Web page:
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  • Kassebaum, Patricia A. 1999. Substance abuse treatment for women offenders: Guide to promising practice. Technical Assistance Publication Series 23. Rockford, MD: Substance Abuse and Mental Health Services Administration, Center for Substance Abuse Treatment.

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    This extensive guide provides guidelines and recommendations in designing programs to treat addicted women in the criminal justice system. Sections include strategies and promising practices in implementation, program design, and stages of treatment planning and summaries of prison and jail-based demonstration projects. Available online.

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  • Listwan, Shelley Johnson, Deborah Koetzle Shaffer, and Jennifer L. Hartman. 2008. Combating methamphetamine use in the community: The efficacy of the drug court model. Crime and Delinquency 20.10: 1–18.

    DOI: 10.1177/0011128707307221Save Citation »Export Citation »E-mail Citation »

    Because large numbers of female offenders have been convicted of methamphetamine use, this article on the importance of drug courts to these women and their families is included in this section.

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  • Sims, Barbara, ed. 2005. Substance abuse treatment with correctional clients: Practical implications for institutional and community settings. New York: Haworth.

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    This invaluable resource for substance abuse counselors provides much information on drug courts that keep sentenced drug users within the community instead of sending them to prison. Chapters on female offenders and adolescent drug users are included.

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  • Substance Abuse and Mental Health Services Administration (SAMHSA). 2005. Substance abuse treatment for adults in the criminal justice system. Treatment Improvement Protocol (TIP) Series 44. Washington, DC: Substance Abuse and Mental Health Services Administration, Center for Substance Abuse Treatment.

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    This resource, which is free from SAMHSA, offers guidelines for enhancing a client’s motivation for treatment. The emphasis on family involvement is especially meaningful to women in the system. Available online.

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  • Wells, Doris, and Laurie Bright. 2005. Drug treatment and reentry for incarcerated women. Corrections Today 67:1–2.

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    The Delaware Key/Crest drug treatment and reentry program described in this article used a modified (for women) therapeutic community rehabilitation format with an aftercare component. The aftercare portion of the program seems to have accounted for the program’s success in helping ex-convicts abstain from their criminal involvement.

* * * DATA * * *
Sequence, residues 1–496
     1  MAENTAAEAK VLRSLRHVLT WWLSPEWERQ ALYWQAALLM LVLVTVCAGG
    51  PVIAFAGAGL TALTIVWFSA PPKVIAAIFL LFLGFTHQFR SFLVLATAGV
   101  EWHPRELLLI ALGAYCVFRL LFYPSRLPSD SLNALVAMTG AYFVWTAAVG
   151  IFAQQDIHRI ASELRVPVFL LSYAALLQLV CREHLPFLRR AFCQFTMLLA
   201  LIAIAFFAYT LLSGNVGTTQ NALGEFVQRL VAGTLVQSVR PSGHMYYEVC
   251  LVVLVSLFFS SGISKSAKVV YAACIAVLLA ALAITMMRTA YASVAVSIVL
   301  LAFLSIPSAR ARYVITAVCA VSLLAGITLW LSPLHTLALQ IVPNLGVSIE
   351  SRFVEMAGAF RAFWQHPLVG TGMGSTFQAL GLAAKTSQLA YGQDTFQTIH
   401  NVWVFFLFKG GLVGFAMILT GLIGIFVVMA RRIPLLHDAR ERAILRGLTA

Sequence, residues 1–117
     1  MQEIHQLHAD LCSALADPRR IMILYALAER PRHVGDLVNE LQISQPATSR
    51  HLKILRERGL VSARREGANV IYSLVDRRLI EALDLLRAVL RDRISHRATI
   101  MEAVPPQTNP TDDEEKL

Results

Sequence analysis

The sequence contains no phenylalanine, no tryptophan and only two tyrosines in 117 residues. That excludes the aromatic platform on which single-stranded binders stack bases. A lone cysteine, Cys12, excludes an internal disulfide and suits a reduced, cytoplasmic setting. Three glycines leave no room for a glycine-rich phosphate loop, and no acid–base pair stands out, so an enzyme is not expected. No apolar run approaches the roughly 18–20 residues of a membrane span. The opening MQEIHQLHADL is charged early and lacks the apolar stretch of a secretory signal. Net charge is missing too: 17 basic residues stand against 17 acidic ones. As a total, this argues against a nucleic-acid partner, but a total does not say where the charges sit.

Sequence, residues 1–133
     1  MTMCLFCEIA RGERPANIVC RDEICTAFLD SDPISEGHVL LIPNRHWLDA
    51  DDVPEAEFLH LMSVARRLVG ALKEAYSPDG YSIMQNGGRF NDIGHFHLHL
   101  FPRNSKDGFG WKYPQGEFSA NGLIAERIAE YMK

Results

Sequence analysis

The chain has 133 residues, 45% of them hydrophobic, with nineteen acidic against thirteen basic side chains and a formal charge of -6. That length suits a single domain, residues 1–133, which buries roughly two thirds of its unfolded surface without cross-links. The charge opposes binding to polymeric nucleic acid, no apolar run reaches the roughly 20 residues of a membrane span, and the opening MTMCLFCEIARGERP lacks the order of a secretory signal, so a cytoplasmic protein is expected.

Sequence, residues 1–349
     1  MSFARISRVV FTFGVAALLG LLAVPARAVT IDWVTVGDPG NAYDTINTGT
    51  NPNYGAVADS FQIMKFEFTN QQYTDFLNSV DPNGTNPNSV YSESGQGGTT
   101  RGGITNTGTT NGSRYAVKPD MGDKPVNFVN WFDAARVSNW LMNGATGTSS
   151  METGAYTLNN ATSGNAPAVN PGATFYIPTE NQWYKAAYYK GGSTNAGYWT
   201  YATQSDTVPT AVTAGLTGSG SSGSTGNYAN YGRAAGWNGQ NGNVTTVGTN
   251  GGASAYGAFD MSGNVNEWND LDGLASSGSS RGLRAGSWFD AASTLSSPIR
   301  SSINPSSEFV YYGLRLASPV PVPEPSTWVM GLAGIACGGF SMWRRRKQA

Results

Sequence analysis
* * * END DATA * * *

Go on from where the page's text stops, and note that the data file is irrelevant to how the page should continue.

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Therapy for Mental Disorders and Trauma Reactions

Far more than male offenders, female offenders come to the criminal justice system with mental disorders and a background of lifelong victimization. The publications in this section all argue for major improvements in the system to meet girls’ and women’s treatment needs. That prisons have become the new mental institutions is revealed in Human Rights Watch 2003 and Pfeiffer 2007. The other listings are more treatment focused. Correctional Association of New York 2007 evaluates existing programs. Cusack, Morrissey, and Ellis 2008 compares two approaches. Killeen, et al. 2008 and Kubiak and Rose 2007 demonstrate how to treat trauma and substance abuse simultaneously. Mapson 2005 and Obeidallah and Earls 1999 both make suggestions for more effective treatment.

  • Correctional Association of New York. 2007. Report on mental health programs and services at Bedford Hills Correctional Facility.

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    This highly detailed program evaluation spells out strengths and deficiencies in mental health programming at one of the nation’s most progressive women’s prisons.

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  • Cusack, Karen J., Joseph P. Morrissey, and Alan R. Ellis. 2008. Targeting trauma-related interventions and improving outcomes for women with co-occurring disorders. Administration and Policy in Mental Health and Mental Health Services Research 35.3: 147–158.

    DOI: 10.1007/s10488-007-0150-ySave Citation »Export Citation »E-mail Citation »

    A comparison of group sessions using integrated care with substance abuse–oriented group sessions alone revealed that both the intervention and control groups showed improvements in their post-traumatic stress disorder symptoms, alcohol and drug problems, and mental health problems over a year. The intervention groups, however, showed greater improvement.